DOE historically is not known for its financing expertise, but under this administration, the recently established Loan Programs Office became one of the leading project finance teams in the world. This team should be maintained whether or not a clean energy financing entity is housed within DOE.

Finally, if the financing entity is not housed within DOE it will still be critical to have DOE leadership as the policy leaders on a team managing the entity. Commercialization follows on the footsteps of R&D. DOE is the leading government agency in energy R&D, and it’s appropriate for commercialization to be closely linked organizationally. DOE needs to play a prominent role in making sure that the technologies that are critical to our nation’s future are able to move from R&D to commercialization.

An independent entity should have appropriate flexibility

DOE policy and strategic guidance is clearly necessary for a Green Bank, but there are several reasons why a clean energy financing entity should be independent of any single agency. Primarily, independence increases the flexibility and nimbleness of a financing entity, allowing it to quickly respond to changing market conditions.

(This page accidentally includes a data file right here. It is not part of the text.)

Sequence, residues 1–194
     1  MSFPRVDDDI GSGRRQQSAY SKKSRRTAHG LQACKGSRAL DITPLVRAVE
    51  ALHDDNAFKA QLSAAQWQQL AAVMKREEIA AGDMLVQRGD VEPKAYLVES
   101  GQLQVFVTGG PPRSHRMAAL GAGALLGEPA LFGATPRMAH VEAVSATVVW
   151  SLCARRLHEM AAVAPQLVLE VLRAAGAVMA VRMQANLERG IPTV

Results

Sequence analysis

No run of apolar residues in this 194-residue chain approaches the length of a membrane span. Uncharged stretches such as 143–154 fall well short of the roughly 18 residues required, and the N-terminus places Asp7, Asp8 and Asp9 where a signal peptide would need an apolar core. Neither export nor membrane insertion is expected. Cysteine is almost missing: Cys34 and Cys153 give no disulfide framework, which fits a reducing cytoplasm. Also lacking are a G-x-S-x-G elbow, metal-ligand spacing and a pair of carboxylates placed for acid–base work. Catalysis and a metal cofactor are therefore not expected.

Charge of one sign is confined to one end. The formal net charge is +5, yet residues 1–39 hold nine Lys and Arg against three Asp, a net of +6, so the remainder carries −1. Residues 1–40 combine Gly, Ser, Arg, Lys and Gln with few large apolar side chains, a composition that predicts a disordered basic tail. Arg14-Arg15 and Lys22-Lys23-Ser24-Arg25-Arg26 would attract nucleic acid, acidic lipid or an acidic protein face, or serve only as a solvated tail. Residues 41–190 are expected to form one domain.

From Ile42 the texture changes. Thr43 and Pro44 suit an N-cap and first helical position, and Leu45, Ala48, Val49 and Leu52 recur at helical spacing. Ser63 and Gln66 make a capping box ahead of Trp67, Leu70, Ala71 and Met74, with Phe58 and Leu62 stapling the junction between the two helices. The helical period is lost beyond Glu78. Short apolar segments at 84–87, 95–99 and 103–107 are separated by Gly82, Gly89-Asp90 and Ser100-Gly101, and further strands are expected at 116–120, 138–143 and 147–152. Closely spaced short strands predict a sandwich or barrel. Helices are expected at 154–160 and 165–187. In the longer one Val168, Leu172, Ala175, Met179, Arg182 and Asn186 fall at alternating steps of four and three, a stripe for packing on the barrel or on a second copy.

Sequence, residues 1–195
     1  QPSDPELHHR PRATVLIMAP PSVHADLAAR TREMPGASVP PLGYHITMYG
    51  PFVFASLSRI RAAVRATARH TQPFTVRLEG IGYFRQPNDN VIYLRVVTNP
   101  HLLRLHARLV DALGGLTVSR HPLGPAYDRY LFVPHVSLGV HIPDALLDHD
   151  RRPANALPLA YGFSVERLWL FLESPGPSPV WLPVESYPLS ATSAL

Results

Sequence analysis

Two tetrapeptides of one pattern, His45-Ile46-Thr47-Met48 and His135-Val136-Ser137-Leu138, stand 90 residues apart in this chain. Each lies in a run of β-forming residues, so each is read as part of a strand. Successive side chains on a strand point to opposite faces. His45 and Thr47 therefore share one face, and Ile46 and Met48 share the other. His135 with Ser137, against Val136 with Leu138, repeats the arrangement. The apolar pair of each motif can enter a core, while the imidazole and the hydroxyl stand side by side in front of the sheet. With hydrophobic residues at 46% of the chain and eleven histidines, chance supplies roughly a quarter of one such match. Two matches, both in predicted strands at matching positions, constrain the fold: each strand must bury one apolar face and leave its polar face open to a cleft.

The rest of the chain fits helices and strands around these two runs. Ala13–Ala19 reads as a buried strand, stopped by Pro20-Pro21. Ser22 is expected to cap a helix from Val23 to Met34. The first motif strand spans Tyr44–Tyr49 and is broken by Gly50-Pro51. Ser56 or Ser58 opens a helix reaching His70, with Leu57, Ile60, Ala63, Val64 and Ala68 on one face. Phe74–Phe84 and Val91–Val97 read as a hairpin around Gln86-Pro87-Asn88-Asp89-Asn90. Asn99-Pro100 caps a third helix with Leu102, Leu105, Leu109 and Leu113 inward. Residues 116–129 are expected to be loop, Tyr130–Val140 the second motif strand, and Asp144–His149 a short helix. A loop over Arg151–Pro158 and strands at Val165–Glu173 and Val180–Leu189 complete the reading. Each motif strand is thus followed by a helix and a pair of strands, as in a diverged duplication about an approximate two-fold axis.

A nonagency board of governors would manage an independent entity. This could increase transparency and accountability. This board should be appointed by the president with confirmation by the Senate, creating a strong oversight system independent of political influence or bureaucratic interference. A board containing financial professionals—and not just government officials or agency professionals—would also help build trust among the general public that the entity would be well-managed.

In Canada, a Green Bank governed by an independent oversight board was implemented with demonstrated success. This bank, Sustainable Development Technology Canada, offers a wide range of financial products in support of clean energy development.